JIMMY JAY. Maybe that’s what he told you! Men are just lying dogs!

 

ANAIS. He was in the Navy, and the Navy was in me, like molecules in your light saber, Dan Flavin. We used to see him nightly on the docks and wonder who would be the first to explore the crevices, the edges, the curls of his body.

 

FLAVIN. Some say that I am the greatest American artist, but in my heart, I know I am but a stand-in for my more talented twin.

 

ANAIS. Elvis says the same, Elvis Presley.

 

FLAVIN. Twins lie conjoined inside each other, like chrysanthemum stalks bundled for market.

 

ANAIS. Twins and triplets were my meat, when I walked Navy Pier. Your brother was strong man, Matrix artist. His little legs and arms were nothing, weak, flapping like flypaper, but perhaps in contrast, his qu’est-ce-que c’est, his Poteau was vast, like the north pole, Dan Flavin. With many penguins around it to give it noble strength and intensity, like a hundred stalks of mums bundled together for market.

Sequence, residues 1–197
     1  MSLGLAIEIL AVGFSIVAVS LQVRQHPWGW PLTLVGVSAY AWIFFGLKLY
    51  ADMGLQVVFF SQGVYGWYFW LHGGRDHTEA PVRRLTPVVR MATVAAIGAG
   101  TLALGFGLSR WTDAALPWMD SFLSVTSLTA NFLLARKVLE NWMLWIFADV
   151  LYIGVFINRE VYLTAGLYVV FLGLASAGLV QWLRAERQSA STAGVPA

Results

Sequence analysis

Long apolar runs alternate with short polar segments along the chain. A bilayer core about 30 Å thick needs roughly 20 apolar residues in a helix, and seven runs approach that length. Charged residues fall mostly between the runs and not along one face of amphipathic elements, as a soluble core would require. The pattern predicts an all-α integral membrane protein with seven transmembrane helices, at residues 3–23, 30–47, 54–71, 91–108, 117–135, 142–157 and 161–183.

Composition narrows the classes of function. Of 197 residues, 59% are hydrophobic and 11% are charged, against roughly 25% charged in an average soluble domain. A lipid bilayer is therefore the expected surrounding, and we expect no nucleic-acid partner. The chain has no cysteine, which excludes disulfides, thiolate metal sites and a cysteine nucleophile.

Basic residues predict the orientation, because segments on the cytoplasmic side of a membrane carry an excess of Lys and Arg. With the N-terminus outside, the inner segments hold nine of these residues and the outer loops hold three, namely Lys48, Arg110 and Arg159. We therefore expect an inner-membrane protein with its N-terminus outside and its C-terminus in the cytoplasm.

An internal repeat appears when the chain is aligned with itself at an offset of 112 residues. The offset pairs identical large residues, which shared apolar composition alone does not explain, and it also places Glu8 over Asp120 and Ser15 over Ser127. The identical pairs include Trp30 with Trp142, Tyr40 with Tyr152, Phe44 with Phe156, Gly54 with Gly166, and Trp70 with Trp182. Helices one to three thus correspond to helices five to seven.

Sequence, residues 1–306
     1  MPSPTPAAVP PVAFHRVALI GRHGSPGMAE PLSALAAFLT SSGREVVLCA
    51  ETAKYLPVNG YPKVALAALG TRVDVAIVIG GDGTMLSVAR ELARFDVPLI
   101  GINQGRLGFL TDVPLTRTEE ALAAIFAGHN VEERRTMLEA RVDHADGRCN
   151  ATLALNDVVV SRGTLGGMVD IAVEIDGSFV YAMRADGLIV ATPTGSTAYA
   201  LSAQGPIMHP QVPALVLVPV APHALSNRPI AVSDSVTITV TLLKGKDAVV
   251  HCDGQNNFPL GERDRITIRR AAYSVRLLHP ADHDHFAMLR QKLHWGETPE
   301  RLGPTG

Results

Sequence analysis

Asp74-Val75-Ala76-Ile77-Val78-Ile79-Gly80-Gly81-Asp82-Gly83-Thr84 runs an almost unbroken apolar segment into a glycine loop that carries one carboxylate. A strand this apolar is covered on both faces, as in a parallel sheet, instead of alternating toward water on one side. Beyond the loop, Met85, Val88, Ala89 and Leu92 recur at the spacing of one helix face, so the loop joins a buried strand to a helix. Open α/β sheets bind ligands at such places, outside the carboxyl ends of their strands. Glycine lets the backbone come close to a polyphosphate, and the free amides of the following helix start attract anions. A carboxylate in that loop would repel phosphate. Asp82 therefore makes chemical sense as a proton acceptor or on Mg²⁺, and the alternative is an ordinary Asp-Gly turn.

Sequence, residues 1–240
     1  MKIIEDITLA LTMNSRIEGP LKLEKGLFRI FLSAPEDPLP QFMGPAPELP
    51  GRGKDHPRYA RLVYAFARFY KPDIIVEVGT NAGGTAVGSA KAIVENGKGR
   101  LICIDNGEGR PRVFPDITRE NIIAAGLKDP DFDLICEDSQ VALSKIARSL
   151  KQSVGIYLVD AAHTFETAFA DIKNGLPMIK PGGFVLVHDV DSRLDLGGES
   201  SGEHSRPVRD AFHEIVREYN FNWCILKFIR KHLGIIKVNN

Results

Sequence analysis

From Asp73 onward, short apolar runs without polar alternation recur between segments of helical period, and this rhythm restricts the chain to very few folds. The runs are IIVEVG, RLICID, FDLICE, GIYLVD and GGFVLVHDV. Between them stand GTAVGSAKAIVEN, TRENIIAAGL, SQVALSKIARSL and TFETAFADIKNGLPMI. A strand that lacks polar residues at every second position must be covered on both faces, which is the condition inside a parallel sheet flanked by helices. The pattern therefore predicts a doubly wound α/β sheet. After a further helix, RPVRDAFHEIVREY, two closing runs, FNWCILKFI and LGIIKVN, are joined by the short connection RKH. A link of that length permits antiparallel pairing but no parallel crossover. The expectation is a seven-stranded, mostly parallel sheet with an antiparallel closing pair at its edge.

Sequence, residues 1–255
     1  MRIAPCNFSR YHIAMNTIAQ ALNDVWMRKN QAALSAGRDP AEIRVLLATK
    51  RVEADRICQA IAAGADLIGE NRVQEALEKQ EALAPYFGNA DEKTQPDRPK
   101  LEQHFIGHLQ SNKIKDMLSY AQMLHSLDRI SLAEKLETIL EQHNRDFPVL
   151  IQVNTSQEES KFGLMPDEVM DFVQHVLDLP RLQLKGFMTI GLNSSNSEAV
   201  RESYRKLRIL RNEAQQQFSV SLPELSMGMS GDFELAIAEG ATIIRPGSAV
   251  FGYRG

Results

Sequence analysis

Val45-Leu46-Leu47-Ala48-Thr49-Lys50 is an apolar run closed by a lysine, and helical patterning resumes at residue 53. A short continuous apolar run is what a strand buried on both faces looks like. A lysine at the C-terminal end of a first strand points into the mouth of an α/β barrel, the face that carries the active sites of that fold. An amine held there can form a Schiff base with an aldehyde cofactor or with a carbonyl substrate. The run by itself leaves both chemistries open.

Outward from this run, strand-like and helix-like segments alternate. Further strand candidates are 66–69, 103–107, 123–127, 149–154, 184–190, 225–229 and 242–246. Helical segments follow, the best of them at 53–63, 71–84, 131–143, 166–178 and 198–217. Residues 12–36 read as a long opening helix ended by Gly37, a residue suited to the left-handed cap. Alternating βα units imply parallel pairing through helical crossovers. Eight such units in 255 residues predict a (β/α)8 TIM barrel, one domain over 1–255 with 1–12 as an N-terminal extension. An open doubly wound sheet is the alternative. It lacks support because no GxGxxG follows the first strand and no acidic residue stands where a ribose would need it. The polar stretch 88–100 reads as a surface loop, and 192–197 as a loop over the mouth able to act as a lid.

FLAVIN. Well, I’ll be!

 

ANAIS. Flash that light in my eyes, make me feel even a thousandth part the dazzle I felt with your dead twin boy. If that is polio, every man in America needs it.

 

FLAVIN.   OK, you’re from France?

 

ANAIS. Born under the Seine.

 

FLAVIN. Do you know Niki de Saint-Phalle?

 

ANAIS. Tell me more about Ribo, the man who destroyed me.

 

FLAVIN. Top scientists from the Berkeley Biochemistry department, and the physics department, arrive at eight pm to combine their flasks of atomic miasma. From the four corners of the earth they come, with crystal tubes open at one end.